It ties in with procmail. I'm not really a windows guy, so if anyone knows how to put a filter between an IMAP server and Microsoft Outlook/Netscape Communicator, I'd be interested in hearing how it's done.

    The README for it is at: http://www-cse.ucsd.edu/~wkerney/spamfilter.README
    And you can download it at:
    http://www-cse.ucsd.edu/~wkerney/spamfilter.t ar.gz

    -Bill Kerney
    wkerney at ucsd.edu
  • SpamAssassin - duh (Score:3, Interesting)

    by Gothmolly (148874) on Tuesday September 17, 2002 @04:55PM (#4276346)
    SpamAssassin [taint.org] works great for me. It eats about 90% of my spam, you just hack up a little procmail file for it, and you're done.

    With so many people using SpamAssassin these days, I can't see how this is a timely or newsworthy item. More like from the been-there-done-that-dept..
  • by Jeffrey Baker (6191) on Tuesday September 17, 2002 @04:56PM (#4276353)
    I hacked it together in Perl, to make use of the Berkeley DB interfaces and the MIME parsing modules. Took about 30 minutes. I'm working on a C library that could be linked into mutt or pine or whatever, but I'm finding the available MIME code in C cumbersome.

    You can grab the source here [saturn5.com], but it is specific to the exact way that my mail gets delivered (via offlineimap into maildirs).

  • by mack knife (96580) on Tuesday September 17, 2002 @05:14PM (#4276489)
    sites like yahoo, hotmail, etc are in a unique position to rid their users of spam.

    i don't see why they cant implement some system that scans incoming mail for its users' mailboxes, maybe does a checksum for each message or something, and if it finds that a number of its users are receiving exactly (or nearly exactly) the same message, assume it's spam. nuke the messages, and any new incoming ones.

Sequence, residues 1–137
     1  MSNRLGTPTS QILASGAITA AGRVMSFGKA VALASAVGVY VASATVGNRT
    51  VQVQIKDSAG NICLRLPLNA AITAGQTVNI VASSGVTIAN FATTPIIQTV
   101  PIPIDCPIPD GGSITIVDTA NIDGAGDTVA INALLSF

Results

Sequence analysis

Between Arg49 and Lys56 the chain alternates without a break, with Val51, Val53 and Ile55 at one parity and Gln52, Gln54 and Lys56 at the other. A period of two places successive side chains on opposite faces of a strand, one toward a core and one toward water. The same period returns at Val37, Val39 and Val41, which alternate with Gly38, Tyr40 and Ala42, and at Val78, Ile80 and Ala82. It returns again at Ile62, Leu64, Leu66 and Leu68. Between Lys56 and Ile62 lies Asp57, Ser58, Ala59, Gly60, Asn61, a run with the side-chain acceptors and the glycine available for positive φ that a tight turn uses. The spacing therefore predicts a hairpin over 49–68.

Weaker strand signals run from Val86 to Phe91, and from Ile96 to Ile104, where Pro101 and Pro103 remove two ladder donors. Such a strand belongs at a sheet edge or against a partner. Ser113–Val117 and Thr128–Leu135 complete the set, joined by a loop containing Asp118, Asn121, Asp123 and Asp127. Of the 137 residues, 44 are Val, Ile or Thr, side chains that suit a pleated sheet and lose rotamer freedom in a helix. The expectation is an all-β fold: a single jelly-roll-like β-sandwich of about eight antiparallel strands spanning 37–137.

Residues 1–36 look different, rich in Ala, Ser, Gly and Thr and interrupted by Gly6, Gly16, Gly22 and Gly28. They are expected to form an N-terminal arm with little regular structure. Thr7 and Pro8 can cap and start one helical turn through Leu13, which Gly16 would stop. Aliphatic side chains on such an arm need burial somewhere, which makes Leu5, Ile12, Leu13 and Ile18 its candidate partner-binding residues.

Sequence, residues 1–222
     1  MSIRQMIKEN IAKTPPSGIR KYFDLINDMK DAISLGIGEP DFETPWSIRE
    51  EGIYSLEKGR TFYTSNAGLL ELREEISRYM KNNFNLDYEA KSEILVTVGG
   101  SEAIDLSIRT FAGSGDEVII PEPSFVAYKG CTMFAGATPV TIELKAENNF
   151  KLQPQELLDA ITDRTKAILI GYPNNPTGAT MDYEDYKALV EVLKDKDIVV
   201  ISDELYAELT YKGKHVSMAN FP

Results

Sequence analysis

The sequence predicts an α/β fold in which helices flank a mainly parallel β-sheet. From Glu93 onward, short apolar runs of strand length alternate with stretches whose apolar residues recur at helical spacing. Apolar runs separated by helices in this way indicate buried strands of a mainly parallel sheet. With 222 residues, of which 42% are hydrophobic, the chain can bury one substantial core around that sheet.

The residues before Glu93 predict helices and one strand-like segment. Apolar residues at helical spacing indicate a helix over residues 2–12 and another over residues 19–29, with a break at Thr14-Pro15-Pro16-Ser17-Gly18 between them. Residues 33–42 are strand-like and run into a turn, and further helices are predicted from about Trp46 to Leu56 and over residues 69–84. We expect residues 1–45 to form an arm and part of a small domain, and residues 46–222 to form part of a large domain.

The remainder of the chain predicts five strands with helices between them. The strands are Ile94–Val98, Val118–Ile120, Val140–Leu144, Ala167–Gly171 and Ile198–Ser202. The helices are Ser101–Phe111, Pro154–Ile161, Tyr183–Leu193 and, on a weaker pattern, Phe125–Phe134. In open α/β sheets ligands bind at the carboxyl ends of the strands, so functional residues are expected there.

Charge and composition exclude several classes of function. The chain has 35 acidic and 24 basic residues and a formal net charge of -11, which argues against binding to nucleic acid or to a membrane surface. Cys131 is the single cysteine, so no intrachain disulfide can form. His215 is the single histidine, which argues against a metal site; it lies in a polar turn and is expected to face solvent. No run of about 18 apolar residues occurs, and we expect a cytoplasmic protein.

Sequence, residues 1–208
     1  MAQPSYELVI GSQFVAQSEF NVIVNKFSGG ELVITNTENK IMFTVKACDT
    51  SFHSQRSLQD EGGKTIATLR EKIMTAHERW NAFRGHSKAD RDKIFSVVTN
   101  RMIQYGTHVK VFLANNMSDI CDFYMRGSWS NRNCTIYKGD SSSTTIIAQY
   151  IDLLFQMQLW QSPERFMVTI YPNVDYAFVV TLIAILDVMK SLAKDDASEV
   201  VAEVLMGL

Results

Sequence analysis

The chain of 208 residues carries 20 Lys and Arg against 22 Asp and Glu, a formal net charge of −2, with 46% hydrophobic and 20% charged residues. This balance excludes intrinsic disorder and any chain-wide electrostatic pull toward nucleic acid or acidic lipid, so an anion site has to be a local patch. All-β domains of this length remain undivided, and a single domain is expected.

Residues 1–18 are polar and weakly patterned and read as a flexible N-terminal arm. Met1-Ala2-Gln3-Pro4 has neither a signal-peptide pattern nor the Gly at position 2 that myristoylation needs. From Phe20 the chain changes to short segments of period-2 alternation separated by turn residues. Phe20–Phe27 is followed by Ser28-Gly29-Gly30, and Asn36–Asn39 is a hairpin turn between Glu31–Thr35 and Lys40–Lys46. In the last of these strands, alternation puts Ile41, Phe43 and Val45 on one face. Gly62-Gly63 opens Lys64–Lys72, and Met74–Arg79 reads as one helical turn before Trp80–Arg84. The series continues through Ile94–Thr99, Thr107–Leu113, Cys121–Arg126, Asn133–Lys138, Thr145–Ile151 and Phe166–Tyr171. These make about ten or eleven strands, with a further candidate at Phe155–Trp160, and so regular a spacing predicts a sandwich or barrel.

yeah, if such a system only scans a small number of mailboxes, it may filter out mailing list posts and so on. but it gets more and more reliable the higher number of mailboxes it tracks.

    this avoids searching for certain keywords and eliminates false positives. after all, how well would these keyword searching methods do if i were to quote a spam message in an email to a friend?
  • by KieranElby (315360) <kieran@dunelm.org.uk> on Tuesday September 17, 2002 @05:15PM (#4276497) Homepage
    > Is there something "built in" to these filtering techniques that can be used by spammers to effectively circumvent them?

    Yes and no.

    To defeat a bayesian filter, the spammer needs to make his email contain similar words, and combinations of words, to your genuine email, while at the same time making sure that the words used are different to those in known spam.

    So saying 'click here to make $$$' won't work any more, since most of your regular emails don't contain the word combinations 'click here' and 'make $$$', whereas known spam emails will.

    However, we're already beginning to see spammers making their emails less obviously spam.

    For example, the spammer may use an email along the lines of:

    "How's things?

    Have you seen yet?

    Don't forget to mail me those documents.

    Regards,
    A Spammer"

    Even a bayesian filter will struggle to distinguish that from:

    "Have you seen the story on slashdot yet?

    Don't forget those reports.

    Regards,
    Your Boss"
  • by kwerle (39371) <kurt@CircleW.org> on Tuesday September 17, 2002 @05:25PM (#4276593) Homepage Journal
    So have you been retraining the system as you get more spam

    I continue to train.

    or did you train it initially and leave it that way. How large is your training set?

    I started off with a base.

    Details! My training set was 300 spams and 3500 not-spams.

    I started with a little more than 300 spam, and around 1000 valid messages.
    My count is now:
    Good messages read: 1194
    Bad messages read: 644

    That's because I only train on deleted mail, and I don't tend to delete my mailing lists except for once a month or 2...

    With digrams, my filter traps 618 out of 621 spams in my spam folder, which is 99.5%